How to see the once-in-a-lifetime green comet

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Space is yet again throwing a once-in-a-lifetime viewing experience at us. A green comet is approaching earth for the first time since the Ice Age and may never return, so look up now or forever hold your peace.

What makes it green? The comet, nicknamed ZTF, is similar to other giant hurtling balls of dust and frozen gas, but produces a unique glowing green light. How? The sun’s ultraviolet radiation hits the diatomic carbon in the comet (which is actually just two carbon atoms fused together) and…we would go more into that, but this isn’t Space Brew.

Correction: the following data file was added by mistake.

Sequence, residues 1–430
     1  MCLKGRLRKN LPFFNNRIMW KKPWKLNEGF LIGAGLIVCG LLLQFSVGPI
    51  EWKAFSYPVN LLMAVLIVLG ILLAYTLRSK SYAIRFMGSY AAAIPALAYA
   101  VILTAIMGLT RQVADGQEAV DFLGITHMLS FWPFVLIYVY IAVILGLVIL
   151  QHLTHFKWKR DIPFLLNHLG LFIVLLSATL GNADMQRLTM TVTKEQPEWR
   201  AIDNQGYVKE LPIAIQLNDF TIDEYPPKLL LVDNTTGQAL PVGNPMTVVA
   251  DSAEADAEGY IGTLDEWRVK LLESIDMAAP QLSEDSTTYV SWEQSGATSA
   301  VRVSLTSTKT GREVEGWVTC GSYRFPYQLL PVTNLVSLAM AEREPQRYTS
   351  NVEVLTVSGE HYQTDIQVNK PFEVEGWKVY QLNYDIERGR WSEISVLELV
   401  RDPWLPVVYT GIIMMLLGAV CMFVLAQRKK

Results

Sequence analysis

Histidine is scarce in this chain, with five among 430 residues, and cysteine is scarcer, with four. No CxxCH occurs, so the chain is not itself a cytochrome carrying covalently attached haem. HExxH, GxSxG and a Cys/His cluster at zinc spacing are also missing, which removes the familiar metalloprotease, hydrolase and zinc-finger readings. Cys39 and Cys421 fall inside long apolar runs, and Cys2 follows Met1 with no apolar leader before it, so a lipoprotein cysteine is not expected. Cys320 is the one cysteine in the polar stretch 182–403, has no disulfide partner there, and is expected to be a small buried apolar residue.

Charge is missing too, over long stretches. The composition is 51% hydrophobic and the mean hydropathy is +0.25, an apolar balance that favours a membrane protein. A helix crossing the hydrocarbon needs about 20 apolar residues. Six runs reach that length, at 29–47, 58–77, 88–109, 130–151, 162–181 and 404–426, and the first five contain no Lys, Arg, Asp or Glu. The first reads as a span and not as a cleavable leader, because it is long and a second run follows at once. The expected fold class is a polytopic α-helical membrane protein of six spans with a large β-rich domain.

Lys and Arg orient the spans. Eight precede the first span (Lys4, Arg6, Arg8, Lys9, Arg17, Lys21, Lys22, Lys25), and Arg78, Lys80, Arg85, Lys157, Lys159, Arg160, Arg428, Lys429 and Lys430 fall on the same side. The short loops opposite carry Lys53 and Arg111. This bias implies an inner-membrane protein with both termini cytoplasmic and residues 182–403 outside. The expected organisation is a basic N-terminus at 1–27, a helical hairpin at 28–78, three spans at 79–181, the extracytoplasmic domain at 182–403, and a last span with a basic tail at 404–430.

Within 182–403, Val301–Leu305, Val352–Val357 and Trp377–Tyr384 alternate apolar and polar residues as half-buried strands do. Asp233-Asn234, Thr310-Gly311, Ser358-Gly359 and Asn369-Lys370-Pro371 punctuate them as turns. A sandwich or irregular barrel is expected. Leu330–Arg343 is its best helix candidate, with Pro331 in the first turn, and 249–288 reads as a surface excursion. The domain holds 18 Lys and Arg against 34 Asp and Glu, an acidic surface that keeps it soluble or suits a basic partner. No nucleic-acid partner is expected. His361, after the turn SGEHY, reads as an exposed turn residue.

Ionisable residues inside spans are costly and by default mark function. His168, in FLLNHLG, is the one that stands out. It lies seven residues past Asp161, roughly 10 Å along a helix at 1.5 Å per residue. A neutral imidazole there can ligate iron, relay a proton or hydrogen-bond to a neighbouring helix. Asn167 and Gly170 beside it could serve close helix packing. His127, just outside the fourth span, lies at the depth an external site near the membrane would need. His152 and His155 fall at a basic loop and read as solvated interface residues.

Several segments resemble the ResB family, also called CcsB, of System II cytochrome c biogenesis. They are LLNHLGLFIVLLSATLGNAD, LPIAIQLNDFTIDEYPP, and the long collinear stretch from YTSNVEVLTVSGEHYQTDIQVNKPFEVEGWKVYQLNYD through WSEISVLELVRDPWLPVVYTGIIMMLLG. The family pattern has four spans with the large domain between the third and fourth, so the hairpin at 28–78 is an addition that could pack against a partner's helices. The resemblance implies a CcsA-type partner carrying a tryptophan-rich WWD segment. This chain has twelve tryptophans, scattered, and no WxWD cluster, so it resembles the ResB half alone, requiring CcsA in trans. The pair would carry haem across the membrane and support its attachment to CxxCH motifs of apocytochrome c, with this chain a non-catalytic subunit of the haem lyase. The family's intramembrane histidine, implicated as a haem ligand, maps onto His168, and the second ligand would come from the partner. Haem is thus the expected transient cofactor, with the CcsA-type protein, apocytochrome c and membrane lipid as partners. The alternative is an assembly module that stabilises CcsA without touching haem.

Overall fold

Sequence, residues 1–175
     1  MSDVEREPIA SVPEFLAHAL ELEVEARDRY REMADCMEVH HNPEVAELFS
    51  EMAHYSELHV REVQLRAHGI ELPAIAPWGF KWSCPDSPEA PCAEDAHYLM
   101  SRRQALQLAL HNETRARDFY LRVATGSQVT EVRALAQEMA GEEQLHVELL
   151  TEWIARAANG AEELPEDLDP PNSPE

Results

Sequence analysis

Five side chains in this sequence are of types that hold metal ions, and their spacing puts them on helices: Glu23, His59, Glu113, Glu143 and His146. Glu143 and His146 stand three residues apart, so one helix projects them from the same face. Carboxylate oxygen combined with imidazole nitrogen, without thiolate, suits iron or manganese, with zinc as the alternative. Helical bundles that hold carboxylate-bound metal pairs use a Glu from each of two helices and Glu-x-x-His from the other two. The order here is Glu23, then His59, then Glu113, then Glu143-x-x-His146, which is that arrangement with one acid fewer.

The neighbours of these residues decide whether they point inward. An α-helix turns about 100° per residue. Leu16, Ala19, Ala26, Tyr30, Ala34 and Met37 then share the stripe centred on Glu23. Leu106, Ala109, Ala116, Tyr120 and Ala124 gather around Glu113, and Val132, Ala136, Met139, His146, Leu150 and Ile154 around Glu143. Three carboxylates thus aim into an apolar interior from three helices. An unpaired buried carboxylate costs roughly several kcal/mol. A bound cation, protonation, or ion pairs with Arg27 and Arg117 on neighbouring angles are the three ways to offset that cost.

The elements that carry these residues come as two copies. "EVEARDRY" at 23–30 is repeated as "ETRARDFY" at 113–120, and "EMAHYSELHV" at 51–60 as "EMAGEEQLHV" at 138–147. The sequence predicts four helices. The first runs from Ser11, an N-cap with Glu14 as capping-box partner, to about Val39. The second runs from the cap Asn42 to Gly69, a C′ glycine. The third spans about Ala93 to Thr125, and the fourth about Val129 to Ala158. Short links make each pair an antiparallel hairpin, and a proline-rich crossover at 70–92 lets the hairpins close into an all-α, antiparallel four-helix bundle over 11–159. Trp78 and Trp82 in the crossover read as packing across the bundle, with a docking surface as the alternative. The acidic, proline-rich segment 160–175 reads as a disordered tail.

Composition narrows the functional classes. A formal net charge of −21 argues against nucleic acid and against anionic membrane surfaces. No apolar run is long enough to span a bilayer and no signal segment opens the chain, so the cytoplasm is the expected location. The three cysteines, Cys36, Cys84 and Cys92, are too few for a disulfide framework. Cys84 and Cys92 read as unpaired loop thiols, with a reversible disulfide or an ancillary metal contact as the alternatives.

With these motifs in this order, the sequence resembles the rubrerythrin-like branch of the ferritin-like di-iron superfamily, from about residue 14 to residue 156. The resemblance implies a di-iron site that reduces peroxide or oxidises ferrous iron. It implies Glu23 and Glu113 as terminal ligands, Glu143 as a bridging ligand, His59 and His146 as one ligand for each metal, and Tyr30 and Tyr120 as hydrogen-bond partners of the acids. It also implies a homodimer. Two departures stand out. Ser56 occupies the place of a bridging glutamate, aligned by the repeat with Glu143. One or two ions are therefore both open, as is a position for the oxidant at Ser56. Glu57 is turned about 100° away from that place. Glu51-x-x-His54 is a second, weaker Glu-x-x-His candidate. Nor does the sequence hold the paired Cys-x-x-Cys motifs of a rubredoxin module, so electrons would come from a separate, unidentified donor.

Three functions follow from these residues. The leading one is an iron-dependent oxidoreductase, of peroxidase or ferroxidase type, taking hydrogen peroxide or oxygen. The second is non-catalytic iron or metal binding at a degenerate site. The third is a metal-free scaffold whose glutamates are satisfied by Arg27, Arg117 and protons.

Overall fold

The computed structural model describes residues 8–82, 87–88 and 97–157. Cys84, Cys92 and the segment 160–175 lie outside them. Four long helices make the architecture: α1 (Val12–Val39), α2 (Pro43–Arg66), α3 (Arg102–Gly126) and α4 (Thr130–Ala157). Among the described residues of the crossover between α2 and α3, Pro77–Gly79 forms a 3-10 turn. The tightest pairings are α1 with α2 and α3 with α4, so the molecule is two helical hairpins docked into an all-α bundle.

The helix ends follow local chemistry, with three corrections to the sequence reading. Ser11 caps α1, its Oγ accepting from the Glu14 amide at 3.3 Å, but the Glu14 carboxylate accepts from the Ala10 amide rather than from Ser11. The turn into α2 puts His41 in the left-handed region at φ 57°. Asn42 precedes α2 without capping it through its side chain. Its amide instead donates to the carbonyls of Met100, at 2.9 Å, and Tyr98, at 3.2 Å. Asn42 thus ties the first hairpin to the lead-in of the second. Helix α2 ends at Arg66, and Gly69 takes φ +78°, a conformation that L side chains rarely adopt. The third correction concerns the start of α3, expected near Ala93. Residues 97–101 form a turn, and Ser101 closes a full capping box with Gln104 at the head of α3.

Scientists first spotted ZTF last March, and now it’s your turn: For northern hemisphere residents, your best bet is to look north this weekend, either late in the evening or early in the morning in a place with little light pollution. The comet will be close to the Draco constellation starting tonight. You have until about early February when ZTF heads to the southern hemisphere.

Besides just looking cool…Astronomers will study the rare comet over the next month before it leaves our solar system, in hopes of getting a better glimpse of the phenomenon that may have helped create life on earth. And luckily, they’ve got the James Webb Telescope to take some pics.—MM

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